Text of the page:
A spurious claim that Conservative leader Pierre Poilievre misused music by The Tragically Hip at a weekend political rally has been debunked by the band but it hasn’t stopped a social media flame war in its tracks.
It all began when an anonymous anti-conservative Twitter account tagged the famous Canadian rock group in a tweet asking if they were aware that Poilievre was using their music at a Hamilton event.
Soon after the tweet, band guitarist Paul Langlois chimed in: “We certainly did not know this – highly offensive if true (we’ll wait to make sure and potentially confirm this) and if so, this will be stopped.”
Yet on Monday, the band officially put out a statement saying that the venue which hosted the event was, in fact, licensed to play its music.
“When we began to see posts and tweets from the event this weekend, the specifics were unclear. It has now been confirmed that Saturday’s event took place in a venue licensed by SOCAN, which means the venue pays a fee to ensure artists and musicians are compensated appropriately when music is played on site. As such, specific permissions were not required in this case,” the band wrote.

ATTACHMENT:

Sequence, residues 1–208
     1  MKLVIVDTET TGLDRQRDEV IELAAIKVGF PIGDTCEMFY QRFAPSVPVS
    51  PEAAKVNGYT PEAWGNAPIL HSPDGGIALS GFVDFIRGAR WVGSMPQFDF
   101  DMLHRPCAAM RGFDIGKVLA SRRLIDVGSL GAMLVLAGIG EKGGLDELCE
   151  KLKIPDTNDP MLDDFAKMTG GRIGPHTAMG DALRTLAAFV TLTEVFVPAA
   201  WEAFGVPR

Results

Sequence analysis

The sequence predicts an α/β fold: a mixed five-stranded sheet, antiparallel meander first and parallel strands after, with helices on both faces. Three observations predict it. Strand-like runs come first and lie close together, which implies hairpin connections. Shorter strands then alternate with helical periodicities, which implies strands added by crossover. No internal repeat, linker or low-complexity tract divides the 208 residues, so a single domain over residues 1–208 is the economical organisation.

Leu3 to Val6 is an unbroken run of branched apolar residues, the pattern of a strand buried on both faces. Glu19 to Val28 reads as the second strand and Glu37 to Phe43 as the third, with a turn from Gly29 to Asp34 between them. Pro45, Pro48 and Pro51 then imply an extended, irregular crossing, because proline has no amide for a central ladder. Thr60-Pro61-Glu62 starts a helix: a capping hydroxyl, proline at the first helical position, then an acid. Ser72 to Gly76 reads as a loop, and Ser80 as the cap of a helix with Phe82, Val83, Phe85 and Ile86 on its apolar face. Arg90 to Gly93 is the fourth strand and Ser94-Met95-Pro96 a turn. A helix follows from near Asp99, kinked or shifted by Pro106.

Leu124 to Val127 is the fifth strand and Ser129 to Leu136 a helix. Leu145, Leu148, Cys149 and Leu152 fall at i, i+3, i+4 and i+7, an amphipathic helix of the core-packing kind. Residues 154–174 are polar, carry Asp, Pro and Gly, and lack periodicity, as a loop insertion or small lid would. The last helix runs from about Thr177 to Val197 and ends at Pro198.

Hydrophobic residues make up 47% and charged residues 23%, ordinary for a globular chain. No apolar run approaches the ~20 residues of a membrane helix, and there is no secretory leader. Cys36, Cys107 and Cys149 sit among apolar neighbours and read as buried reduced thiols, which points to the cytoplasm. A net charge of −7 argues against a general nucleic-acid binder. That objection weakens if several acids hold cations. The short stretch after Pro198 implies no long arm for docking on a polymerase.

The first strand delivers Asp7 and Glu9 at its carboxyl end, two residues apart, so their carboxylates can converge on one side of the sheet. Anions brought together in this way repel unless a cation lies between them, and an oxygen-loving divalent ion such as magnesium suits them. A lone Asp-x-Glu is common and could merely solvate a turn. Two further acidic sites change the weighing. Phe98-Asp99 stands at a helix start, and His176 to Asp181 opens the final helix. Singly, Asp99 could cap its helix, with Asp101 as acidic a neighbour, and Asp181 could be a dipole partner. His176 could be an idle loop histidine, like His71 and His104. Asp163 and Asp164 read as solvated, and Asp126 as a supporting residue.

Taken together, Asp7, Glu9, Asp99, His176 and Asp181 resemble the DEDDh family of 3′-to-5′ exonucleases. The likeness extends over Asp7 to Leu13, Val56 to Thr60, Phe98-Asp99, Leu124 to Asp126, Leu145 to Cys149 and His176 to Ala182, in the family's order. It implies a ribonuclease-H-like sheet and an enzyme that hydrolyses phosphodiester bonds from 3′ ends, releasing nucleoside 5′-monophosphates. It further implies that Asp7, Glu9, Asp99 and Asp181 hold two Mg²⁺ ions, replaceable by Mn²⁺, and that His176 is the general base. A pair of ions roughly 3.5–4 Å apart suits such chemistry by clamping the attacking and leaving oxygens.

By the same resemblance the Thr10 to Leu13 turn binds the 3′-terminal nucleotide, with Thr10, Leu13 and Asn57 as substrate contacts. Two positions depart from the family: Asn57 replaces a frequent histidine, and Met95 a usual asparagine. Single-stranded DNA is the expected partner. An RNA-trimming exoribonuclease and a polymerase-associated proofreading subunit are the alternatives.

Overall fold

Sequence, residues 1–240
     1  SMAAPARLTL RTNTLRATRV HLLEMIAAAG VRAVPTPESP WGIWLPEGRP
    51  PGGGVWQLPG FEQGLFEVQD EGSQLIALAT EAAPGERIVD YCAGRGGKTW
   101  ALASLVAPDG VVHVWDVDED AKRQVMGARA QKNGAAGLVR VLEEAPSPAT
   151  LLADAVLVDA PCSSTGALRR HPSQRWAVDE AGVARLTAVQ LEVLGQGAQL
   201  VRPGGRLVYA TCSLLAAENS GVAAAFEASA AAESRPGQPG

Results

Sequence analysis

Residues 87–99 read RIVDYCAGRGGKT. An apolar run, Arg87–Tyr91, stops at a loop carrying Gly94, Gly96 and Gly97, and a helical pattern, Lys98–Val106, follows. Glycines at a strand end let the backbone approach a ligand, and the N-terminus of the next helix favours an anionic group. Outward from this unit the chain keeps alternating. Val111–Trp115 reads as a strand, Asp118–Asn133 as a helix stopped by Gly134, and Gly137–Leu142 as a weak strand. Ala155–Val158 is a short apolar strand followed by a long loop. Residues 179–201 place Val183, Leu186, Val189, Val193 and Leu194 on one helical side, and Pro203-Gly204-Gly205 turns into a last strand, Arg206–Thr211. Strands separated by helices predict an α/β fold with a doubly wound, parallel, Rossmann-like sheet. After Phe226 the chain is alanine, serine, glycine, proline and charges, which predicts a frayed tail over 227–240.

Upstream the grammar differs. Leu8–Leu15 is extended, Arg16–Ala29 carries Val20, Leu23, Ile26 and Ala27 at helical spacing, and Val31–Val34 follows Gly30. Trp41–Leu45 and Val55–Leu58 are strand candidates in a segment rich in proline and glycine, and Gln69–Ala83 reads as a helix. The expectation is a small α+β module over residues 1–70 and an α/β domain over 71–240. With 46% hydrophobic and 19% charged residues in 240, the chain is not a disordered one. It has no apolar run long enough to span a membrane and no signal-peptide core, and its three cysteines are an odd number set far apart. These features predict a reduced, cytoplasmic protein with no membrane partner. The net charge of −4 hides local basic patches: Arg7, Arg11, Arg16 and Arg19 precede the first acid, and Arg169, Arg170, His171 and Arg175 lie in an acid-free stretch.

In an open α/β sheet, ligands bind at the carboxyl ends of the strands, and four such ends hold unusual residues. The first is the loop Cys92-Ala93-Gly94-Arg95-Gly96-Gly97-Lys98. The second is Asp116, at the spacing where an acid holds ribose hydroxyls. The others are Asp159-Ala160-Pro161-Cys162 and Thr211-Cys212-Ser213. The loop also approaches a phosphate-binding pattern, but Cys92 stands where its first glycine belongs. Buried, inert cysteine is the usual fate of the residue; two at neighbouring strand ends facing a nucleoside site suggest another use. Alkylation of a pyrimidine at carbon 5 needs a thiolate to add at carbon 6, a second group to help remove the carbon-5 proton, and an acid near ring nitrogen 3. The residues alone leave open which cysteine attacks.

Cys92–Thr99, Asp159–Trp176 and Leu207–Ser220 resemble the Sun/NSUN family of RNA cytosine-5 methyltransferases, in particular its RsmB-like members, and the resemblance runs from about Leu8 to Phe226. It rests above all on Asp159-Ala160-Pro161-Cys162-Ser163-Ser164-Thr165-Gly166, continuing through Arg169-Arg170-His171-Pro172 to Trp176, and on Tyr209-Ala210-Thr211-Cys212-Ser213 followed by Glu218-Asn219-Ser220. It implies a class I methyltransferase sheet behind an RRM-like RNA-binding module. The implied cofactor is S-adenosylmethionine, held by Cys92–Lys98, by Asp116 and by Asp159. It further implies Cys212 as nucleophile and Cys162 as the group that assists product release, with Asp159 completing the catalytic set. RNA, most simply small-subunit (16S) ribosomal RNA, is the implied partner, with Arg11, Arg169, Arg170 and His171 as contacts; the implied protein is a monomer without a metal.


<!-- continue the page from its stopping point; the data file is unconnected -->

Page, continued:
“We did not have the full details in our earlier posts — and now consider this matter resolved.”
Still, prominent Twitter accounts, including Liberal MP Mark Gerretsen insinuated that Poilievre’s rally had misused the band’s music. Gerretsen has yet to delete his tweet.
Chiming into politics seems to not have paid off for the band, as many Canadians on Twitter expressed disappointment in the decision.
“Highly offensive? What makes it ‘highly offensive’ that your music is being played by a party that represents a huge slice of Canadians? Please do elaborate,” wrote user Michael Thomlinson.
“What’s highly offensive is standing beside the people destroying the common folk. Awful,” wrote user Ann Rolle.
“I see the Tragically Hip are having a Rage Against the Machine moment where the band’s politics don’t necessarily line up with some of the fan base’s politics,” wrote user Tim Querengesser.